Kenneth Binyavanga Wainaina was a Kenyan author, journalist and 2002 winner of the Caine Prize for African Writing. In April 2014, Time magazine included Wainaina in its annual Time 100 as one of the "Most Influential People in the World".
The Harvard Advocate, the art and literary magazine of Harvard College, is the oldest continuously published college art and literary magazine in the United States. The magazine was founded by Charles S. Gage and William G. Peckham in 1866 and, except for a hiatus during the last years of World War II, has published continuously since then. In 1916, The New York Times published a commemoration of the Advocate's fiftieth anniversary. Fifty years after that, Donald Hall wrote in The New York Times Book Review that "In the world of the college – where every generation is born, grows old and dies in four years – it is rare for an institution to survive a decade, much less a century. Yet the Harvard Advocate, the venerable undergraduate literary magazine, celebrated its centennial this month." Its current offices are a two-story wood-frame house at 21 South Street, near Harvard Square and the University campus.
Bill Buford is an American author and journalist. Buford is the author of the books Among the Thugs and Heat: An Amateur's Adventures as Kitchen Slave, Line Cook, Pasta-Maker, and Apprentice to a Dante-Quoting Butcher in Tuscany.
Daniel Alarcón is a novelist, journalist and radio producer. He is co-founder, host and executive producer of Radio Ambulante, an award-winning Spanish language podcast distributed by NPR. Currently, he is an assistant professor of broadcast journalism at the Columbia University Journalism School and writes about Latin America for The New Yorker.
Helon Habila Ngalabak is a Nigerian novelist and poet, whose writing has won many prizes, including the Caine Prize in 2001. He worked as a lecturer and journalist in Nigeria before moving in 2002 to England, where he was a Chevening Scholar at the University of East Anglia, and now teaches creative writing at George Mason University, Fairfax, Virginia.
Tahmima Anam is a Bangladeshi-born British writer, novelist and columnist. Her first novel, A Golden Age (2007), was the Best First Book winner of the 2008 Commonwealth Writers' Prizes. Her follow-up novel, The Good Muslim, was nominated for the 2011 Man Asian Literary Prize. She is the granddaughter of Abul Mansur Ahmed and daughter of Mahfuz Anam.
Jason Cowley is an English journalist, magazine editor and writer. After working at the New Statesman, he became the editor of Granta in September 2007, while also remaining a writer on The Observer. He returned to the New Statesman as its editor in September 2008.
Sigrid Maria Elisabet Rausing is a Swedish philanthropist, anthropologist and publisher. She is the founder of the Sigrid Rausing Trust, one of the United Kingdom's largest philanthropic foundations, and owner of Granta magazine and Granta Books.
Horizon was a magazine published in the United States from 1958 to 1989. Originally published by American Heritage as a bi-monthly hardback, Horizon was subtitled A Magazine of the Arts. In 1978, Boone Inc. bought the magazine, which continued to cover the arts. Publication ceased in March 1989. Recently, American Heritage announced its intention to digitize essays from past issues.
John Freeman is an American writer and a literary critic. He was the editor of the literary magazine Granta until 2013, the former president of the National Book Critics Circle, and his writing has appeared in almost 200 English-language publications around the world, including The New York Times Book Review, the Los Angeles Times, The Guardian, and The Wall Street Journal. He is currently an executive editor at Knopf.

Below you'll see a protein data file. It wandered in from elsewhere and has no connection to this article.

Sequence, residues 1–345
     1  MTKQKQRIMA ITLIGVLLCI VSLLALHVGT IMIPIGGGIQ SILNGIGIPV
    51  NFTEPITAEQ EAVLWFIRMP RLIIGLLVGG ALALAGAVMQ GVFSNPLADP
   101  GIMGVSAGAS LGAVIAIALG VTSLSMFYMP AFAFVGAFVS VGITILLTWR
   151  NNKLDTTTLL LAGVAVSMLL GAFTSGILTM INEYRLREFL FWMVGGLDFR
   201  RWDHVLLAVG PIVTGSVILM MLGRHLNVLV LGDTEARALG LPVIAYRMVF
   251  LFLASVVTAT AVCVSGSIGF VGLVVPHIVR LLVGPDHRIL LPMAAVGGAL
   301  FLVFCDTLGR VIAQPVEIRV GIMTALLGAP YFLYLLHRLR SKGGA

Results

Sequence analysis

Jenny Erpenbeck is a German writer and opera director, recipient of the Independent Foreign Fiction Prize.
Maria Joan Hyland is an ex-lawyer and the author of three novels: How the Light Gets In (2004), Carry Me Down (2006) and This is How (2009). Hyland is a lecturer in creative writing in the Centre for New Writing at the University of Manchester. Carry Me Down (2006) was shortlisted for the Man Booker Prize and won the Hawthornden Prize and the Encore Prize.
Ellah Wakatama, OBE, Hon. FRSL, is Editor-at-Large at Canongate Books, a senior Research Fellow at Manchester University and Chair of the AKO Caine Prize for African Writing. She was the founding Publishing Director of the Indigo Press. A London-based editor and critic, she was on the judging panel of the 2017 International Dublin Literary Award and the 2015 Man Booker Prize. In 2016, she was Visiting Professor & Global Intercultural Scholar at Goshen College, Indiana, and was Guest Master for the 2016 Gabriel Garcia Marquez Foundation international journalism fellowship in Cartagena, Colombia. The former deputy editor of Granta magazine, she was senior editor at Jonathan Cape, Random House and assistant editor at Penguin. She is series editor of the Kwani? Manuscript Project and the editor of the anthologies Africa39 and Safe House: Explorations in Creative Nonfiction.
Mariana Enríquez is an Argentine journalist, novelist, and short story writer.
Michael Salu, British-born of Nigerian heritage, is a creative director, art and photography editor, designer, brand strategist, writer and illustrator.
Chinelo Okparanta is a Nigerian-American novelist and short-story writer. She was born in Port Harcourt, Nigeria, where she was raised until the age of 10, when she emigrated to the United States with her family.
Alex Clark is a British literary journalist and editor who has written for The Guardian, The Observer and The Times Literary Supplement. She also presents Front Row on BBC Radio 4 and hosts the Vintage Podcast about books.
Gaby Wood, Hon. FRSL, is an English journalist and literary critic who has written for publications including The Observer, The Daily Telegraph, London Review of Books, Granta, and Vogue. She is the literary director of the Booker Prize Foundation, appointed in succession to Ion Trewin and having taken over the post at the conclusion of the prize for 2015.